© Copyright 2012
All rights reserved

 

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Adulthood Can Wait

August 19th, 2010

Many people in their 20s are now choosing a slower path to adulthood by postponing marriage, careers, mortgages, and babies. Instead, they are choosing to remain single, stay in school, travel more, and rent.

A Clark University reports that, “One-third of people in their 20s move to a new residence every year. Forty percent move back home with their parents at least once. They go through an average of seven jobs in their 20s, more job changes than in any other generation. Two-thirds spend at least some time living with a romantic partner without being married. And marriage occurs later than ever.”

More than a blip on the screen this appears to be a new reality. Our culture is adapting to a longer life expectancy with the average American now expected to live nearly 80 years. Compare this to 1900 when the average life expectancy was only 47 years. This explains why people back then seldom finished the 8th grade and frequently got married at 14 years old and had children.

My message to the parents of these 20 year old late bloomers is to “lighten up” and let the kids find their way own way. Our biology dictates our behavior and our biology has changed. We must adjust our expectations.

For those in their 20s, adulthood can wait. Party on.

John Bradley Jackson

© Copyright 2010

All rights reserved.

P.S. Marketers take note. Traditional age based demographic segmentation is obsolete. People in their 20s are not looking for life insurance or Roth IRAs. Instead, they would prefer to score some really cheap tickets to Cancun.

Source: NY Times

Globalization Shmobilization

June 15th, 2009

“It’s a small world, but I wouldn’t want to have to paint it.” – Stephen Wright

Yes, the world makes for a big pond to fish in but for most of us it is just too big of a market. Marketing dollars will be quickly wasted in a global market.

Instead, entrepreneurs need to think small or locally by focusing on the underserved or overlooked customers. Abandoned by the giant mass marketers, these lonely customers go begging for offerings that cater to their special needs. They are left to buy poor substitutes which leave them unsatisfied and unhappy.

Yet, when the courageous niche marketer listens and creates specialized products for them, the reward for the provider is customer loyalty. More than satisfied, these happy customers recommend the offering to others like themselves, which is the true measure of loyalty.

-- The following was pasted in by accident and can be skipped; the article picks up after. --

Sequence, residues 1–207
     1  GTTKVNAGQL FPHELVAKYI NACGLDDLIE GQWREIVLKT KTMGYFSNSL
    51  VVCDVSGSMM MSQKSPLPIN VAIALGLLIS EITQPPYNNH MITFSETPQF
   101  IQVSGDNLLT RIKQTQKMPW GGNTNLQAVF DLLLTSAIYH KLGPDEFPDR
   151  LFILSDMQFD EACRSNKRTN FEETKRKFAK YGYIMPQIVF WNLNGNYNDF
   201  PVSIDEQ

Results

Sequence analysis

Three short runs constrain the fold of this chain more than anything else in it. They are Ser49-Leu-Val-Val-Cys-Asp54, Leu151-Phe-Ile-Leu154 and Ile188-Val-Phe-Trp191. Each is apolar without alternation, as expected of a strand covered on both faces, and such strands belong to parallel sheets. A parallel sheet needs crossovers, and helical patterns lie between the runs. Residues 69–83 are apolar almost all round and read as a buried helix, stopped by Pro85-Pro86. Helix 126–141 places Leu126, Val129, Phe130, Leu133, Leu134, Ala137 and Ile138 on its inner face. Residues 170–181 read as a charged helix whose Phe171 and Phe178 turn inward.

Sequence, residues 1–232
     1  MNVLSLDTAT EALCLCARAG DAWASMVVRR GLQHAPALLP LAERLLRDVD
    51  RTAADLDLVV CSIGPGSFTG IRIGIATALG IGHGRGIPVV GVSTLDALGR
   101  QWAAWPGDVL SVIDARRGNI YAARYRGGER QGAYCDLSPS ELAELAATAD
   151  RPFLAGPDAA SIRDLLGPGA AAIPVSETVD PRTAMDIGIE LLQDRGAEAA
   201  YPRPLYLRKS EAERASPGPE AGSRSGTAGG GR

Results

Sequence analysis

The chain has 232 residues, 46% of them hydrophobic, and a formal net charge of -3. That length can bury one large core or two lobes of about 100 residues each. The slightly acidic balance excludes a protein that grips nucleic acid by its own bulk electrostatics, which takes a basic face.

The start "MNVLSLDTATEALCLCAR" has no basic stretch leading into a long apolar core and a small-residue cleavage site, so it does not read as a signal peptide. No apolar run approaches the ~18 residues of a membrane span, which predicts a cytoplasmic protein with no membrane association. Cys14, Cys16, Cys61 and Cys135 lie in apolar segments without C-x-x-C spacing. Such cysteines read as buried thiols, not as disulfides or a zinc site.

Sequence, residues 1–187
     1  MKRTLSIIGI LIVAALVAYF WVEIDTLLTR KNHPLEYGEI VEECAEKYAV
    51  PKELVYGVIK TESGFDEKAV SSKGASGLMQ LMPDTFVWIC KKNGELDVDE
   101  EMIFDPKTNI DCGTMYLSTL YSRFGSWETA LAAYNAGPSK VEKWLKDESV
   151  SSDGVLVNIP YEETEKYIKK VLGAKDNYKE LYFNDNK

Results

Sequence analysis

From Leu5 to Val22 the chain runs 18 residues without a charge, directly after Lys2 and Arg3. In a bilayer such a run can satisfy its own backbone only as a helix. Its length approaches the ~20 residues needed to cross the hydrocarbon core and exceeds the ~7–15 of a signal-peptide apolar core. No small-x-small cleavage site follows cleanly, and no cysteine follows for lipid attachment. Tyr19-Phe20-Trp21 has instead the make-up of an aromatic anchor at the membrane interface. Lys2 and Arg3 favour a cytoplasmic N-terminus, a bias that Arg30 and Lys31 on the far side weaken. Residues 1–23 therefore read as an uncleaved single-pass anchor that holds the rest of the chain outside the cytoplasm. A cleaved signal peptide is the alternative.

Thus, the more customer specificity built into a product or service the greater likelihood of success. Localization enables the entrepreneur to more easily defend his or her position in the market since the big competitors don’t care about the smaller market segments.

Globalization Shmobilization—think localization.

John Bradley Jackson
© Copyright 2009 All rights reserved.

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Target Markets

December 4th, 2008

Your target market is the customer group that will buy your product or solution; this specific market is made up of customers who want or need what you’re offering.

Historically, marketers have defined target markets using factors or demographics such as age; an example would be such 18- to 33-year-old males. This type of segmentation in the consumer marketplace is now considered inadequate, because of the new sophistication of the consumer and of our increased knowledge of segmentation.

For example, it was commonly thought that someone in their late twenties was an adult, likely married with children, and quickly headed to middle age. Yet, in the new millennium, we find that, while some people in their late twenties fit this profile, many others of the same age group still live at home and remain dependent on their parents for financial support. Often, they are unmarried and have no children. Yet, the old segmentation lumps these two disparate groups into one bucket.

Additionally, “cohort marketing”, a term originating in consumer marketing circles, defines customer segments using a common experience or multiple experiences shared by a group of people. They have a bond and a common set of needs or interests. For example, Apple computer users who choose not to follow convention with the Windows operating systems; instead, they take pride in the cult-like creativity and independence that Apple products offer.

So, what does this mean to the entrepreneur? It means that the target market needs to be carefully defined. Your product or solution needs to match precisely with a market segment that wants or needs what you offer. If you define your market too broadly, you might find yourself with a customer who is indifferent to your offering and may be suspect to move to the competitor that better understands his or her needs.

John Bradley Jackson
© Copyright 2008 All rights reserved.

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The New Auction Culture

April 3rd, 2008

My fifteen year old daughter asked me yesterday, “Dad, can we trade in Tara for a new puppy? We can sell her on eBay.” Tara is our eight year-old, slightly annoying, yellow lab. I was aghast at the suggestion. How could my daughter even consider trading in the old dog for a new puppy?